The COVID-19 pandemic has resulted in travel restrictions, border shutdowns, and widespread stay-at-home orders around the world. While most governments are advising self-isolation and social distancing to prevent the spread of the virus, we must be mindful of what this regulation means in practice and its impact on daily living. As cities continue to propose new rules, mental health and well-being must play a major part in the conversation – especially in this time of our “new normal”.
Concerns About Increasing Loneliness
Even before the virus, loneliness was considered an epidemic. As the situation with COVID-19 persists, isolation during extended periods could potentially increase feelings of loneliness and the health issues associated with it. Even now, studies suggest loneliness can increase the risk of premature death by 26 percent — making it as dangerous as smoking 15 cigarettes a day. While older adults and those with underlying conditions are especially vulnerable to the pandemic, people who live alone, people who already feel lonely, or those who are facing mental health issues may also experience a decline in their mental health. This can result in increased stress levels throughout forced isolation.
Rising Inequalities and Stigma
In already vulnerable communities, the virus can significantly increase existing issues. For example, the following groups may be particularly at risk: people living with chronic illness, those in fear of domestic violence, individuals relying on zero-hour working conditions or unstable accommodations, and people forced to flee from conflict or environmental and climate change.
Stigma around mental health is also common, even if some societies have made great progress. As British author C.S. Lewis states in his book The Problem of Pain: it is easier to say, “My tooth is aching” than to say, “My heart is broken.” Creating more supportive environments and empowering people to share their experiences can help reduce mental health stigma.
Communities overall are experiencing the impact of COVID-19 at various levels. Even where mental health issues are absent, a pandemic can cause health effects due to the stress and uncertainty of the situation.
Our New Normal in A Time of Great Risk
As we face the underlying trauma of these uncertain times and various levels of change, we must do so with our eyes open. We must be mindful of the extended periods spent in isolation, and how this may affect our mental well-being. And we must talk about it. Fear of the unknown plays a significant role and is likely to affect people each day in several ways. Watching or listening to negative information about the pandemic in large amounts, however important that information may be, is not particularly healthy. Finding the balance between being informed versus being overwhelmed, listening to our bodies, and allowing time for mental rest is essential during times of chaos.
What is emerging during this unusual experience is revealing insight into how it feels to have choices removed. But we must strive for purpose and meaning to manage our new daily reality. This also involves connecting with others and learning from those with lived experiences of isolation – indeed, these times call for togetherness. As Dr. Tedros Adhanom Ghebreyesus, WHO Director-General, said: “This is the defining global health crisis of our time . . . We are all in this together, and we can only succeed together. So, the rule of the game is TOGETHER.”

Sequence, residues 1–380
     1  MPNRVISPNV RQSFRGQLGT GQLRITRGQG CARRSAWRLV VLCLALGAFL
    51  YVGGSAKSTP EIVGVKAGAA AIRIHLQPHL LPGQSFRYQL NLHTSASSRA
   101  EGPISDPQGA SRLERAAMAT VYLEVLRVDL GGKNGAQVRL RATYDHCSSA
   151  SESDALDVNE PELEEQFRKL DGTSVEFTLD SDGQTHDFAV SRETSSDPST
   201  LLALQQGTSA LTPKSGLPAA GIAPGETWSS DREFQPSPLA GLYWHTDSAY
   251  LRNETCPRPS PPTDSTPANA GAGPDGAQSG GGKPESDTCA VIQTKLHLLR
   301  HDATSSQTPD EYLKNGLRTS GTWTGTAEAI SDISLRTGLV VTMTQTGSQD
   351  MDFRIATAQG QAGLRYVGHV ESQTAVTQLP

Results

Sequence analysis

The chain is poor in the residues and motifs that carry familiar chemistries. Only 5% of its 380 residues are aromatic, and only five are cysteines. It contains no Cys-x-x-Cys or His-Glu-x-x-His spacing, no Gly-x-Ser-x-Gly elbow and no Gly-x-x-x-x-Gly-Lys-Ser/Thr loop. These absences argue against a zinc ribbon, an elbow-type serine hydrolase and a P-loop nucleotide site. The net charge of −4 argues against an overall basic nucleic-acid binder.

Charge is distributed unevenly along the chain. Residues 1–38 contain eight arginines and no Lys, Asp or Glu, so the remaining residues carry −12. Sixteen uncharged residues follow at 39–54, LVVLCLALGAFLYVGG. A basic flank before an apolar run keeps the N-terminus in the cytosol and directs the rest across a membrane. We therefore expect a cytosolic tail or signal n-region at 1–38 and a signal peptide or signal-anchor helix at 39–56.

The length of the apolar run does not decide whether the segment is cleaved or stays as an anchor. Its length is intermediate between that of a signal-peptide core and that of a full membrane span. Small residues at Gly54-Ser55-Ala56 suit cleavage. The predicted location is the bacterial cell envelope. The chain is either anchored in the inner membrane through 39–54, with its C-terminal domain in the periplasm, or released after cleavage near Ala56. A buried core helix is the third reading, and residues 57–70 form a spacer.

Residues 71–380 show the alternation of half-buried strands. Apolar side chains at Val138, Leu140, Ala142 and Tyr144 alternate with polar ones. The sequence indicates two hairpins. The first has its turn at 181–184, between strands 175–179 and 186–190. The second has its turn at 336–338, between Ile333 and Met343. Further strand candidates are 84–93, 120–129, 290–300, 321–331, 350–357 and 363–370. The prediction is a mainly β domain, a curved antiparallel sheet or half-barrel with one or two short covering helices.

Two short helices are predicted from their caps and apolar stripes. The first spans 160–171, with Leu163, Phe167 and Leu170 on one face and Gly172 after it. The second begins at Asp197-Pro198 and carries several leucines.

With full honor and respect for those who have and continue to lose their lives in these tragic circumstances, including medical staff in the line of duty, we can find a new shared global strength in this incredibly intense period of the COVID-19 pandemic. An excerpt from Lockdown, a poem by Irish Priest, Father Richard Hendrick O.F.M. states, “… And though you may not be able to touch across the empty square, Sing.”
There are many examples of communities coming together to help in response to these uncertain times, and there are emerging signs of nature recovering, unthinkable merely a month ago.
How societies respond to this major crisis of our time is an opportunity to bridge the divide between physical and mental health realms. There is also a possibility of developing new behaviors during forced isolation that could determine how easy or difficult it is to reintegrate back into the community.
We now need government, infrastructure, and media agencies to take a holistic and balanced approach to act on and report about the virus, which prioritizes mental health and well-being in national agendas and gives us all the strength to ride the storm. We need more focus on reporting the kind and selfless community acts and natural phenomena that are flourishing across the globe. An emphasis on the holistic health of mind, body, and spirit is essential to enable us to work together towards our new normal.